In his unfinished epic poem Hyperion, John Keats presents the fall of the Titans, who are being defeated and replaced by the Olympian gods, led by Jove. There is one Titan who still remains unfallen: Hyperion. But he, too, is at risk, threatened by Apollo.
In the first section of the poem, Saturn and Thea lament their fall, and Saturn especially mourns the loss of his identity and power. He longs to recover his throne, but he cannot. Fate has spoken, and he has no choice. Then the scene shifts to Hyperion in his domain. He still has his power, and he is filled with wrath at what has happened to his fellow Titans. He stomps and shakes everything and then cries out. He laments at the horrors all around him. Saturn has fallen, and he realizes that he, too, may be destined to fall. He wonders if he will have to leave his home, his “calm luxuriance of blissful light” and his “crystalline pavilions.” He imagines his empire deserted and dark and dead.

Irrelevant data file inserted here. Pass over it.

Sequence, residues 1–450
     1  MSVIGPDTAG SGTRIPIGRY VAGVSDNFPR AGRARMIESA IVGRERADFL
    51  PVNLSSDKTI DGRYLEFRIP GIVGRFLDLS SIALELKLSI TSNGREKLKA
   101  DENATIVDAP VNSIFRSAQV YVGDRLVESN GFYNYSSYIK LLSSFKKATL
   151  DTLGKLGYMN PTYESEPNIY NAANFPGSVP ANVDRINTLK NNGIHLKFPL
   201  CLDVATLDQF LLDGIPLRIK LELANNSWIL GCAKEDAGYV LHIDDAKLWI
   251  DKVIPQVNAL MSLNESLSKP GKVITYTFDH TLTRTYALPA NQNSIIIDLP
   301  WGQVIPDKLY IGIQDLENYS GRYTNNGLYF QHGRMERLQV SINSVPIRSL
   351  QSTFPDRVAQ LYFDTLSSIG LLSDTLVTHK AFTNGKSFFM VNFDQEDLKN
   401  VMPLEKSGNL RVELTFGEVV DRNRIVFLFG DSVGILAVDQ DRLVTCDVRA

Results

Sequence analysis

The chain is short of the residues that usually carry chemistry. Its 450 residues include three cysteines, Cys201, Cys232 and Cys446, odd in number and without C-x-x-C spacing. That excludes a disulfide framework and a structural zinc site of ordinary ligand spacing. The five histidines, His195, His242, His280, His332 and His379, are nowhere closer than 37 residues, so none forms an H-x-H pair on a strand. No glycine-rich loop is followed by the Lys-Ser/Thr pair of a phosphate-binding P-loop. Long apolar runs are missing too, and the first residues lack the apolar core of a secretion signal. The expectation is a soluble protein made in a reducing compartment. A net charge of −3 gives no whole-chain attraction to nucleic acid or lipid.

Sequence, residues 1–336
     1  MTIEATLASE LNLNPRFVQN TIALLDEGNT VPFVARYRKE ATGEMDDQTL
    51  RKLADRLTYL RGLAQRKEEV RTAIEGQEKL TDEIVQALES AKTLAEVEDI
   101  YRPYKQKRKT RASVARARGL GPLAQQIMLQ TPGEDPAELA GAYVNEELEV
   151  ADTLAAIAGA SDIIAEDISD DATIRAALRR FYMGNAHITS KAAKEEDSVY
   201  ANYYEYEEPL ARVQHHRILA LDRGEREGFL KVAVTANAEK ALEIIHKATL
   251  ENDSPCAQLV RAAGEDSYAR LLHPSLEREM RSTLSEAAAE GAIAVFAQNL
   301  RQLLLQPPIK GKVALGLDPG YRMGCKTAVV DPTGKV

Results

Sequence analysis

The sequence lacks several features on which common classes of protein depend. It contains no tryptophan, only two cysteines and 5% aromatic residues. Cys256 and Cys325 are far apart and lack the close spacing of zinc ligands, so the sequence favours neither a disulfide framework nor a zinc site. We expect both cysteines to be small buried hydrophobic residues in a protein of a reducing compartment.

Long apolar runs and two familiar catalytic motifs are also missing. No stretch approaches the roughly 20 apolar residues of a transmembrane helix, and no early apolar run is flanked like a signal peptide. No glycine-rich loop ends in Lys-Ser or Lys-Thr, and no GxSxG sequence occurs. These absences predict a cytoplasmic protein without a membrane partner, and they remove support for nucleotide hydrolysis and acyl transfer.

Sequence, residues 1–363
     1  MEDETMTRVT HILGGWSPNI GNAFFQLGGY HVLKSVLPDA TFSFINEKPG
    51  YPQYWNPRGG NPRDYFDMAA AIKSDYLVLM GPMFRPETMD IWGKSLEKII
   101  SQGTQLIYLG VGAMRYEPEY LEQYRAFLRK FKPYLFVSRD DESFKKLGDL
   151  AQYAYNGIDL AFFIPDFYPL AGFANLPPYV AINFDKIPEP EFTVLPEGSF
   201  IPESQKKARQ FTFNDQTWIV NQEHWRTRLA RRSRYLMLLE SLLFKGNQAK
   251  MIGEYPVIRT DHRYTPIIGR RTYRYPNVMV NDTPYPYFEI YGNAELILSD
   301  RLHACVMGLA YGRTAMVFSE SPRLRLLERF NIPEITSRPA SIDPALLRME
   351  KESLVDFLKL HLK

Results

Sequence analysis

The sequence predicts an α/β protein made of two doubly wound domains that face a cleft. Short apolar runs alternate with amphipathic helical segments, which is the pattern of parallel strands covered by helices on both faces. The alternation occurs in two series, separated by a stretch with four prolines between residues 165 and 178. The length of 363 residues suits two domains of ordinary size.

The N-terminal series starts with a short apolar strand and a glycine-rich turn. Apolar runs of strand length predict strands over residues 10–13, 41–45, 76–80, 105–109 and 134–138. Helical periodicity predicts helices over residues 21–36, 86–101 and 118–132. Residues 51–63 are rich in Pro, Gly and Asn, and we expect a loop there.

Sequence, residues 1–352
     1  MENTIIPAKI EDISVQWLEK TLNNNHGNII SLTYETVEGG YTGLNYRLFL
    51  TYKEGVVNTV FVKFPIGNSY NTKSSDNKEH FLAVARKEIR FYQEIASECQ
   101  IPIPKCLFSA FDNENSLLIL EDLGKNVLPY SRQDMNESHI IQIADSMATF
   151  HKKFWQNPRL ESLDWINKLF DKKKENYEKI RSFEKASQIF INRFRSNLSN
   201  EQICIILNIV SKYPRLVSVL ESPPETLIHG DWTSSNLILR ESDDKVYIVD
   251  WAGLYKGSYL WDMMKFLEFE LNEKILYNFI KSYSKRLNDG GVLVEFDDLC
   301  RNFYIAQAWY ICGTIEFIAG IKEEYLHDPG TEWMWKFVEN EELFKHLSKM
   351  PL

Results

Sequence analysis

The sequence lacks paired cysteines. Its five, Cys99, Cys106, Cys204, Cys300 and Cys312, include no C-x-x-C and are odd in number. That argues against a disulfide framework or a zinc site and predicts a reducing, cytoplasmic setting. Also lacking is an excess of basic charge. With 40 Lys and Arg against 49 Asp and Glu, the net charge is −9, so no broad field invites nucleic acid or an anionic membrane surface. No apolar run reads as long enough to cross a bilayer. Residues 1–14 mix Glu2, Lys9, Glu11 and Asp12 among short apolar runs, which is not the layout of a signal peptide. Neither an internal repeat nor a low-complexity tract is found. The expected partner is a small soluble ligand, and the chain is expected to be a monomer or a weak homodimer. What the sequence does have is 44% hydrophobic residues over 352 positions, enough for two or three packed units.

Then Hyperion further laments. “Even here, into my centre of repose,” he says, “The shady visions come to domineer.” In other words, there is no more rest for Hyperion. Even his bright empire no longer provides him with peace. He knows what has happened to the other Titans, and he cannot escape that knowledge. It dances before him in “shady visions” that control his mind. These visions, these thoughts of the fallen Titans that he may soon be fated to join, insult him, blind him to his current luxury, and “stifle” his pride. He cannot sit back and relax and enjoy himself. The Titans' fall is both a threat and an insult, and it occupies his consciousness, blinding him to all pleasure.
These lines, then, reveal Hyperion's troubled state of mind. He is uncertain, preoccupied, and perhaps even rather frightened. He seems to realize that his time is limited, that he will fall along with his companions, that it is his fate. He is already losing, starting with his peace of mind.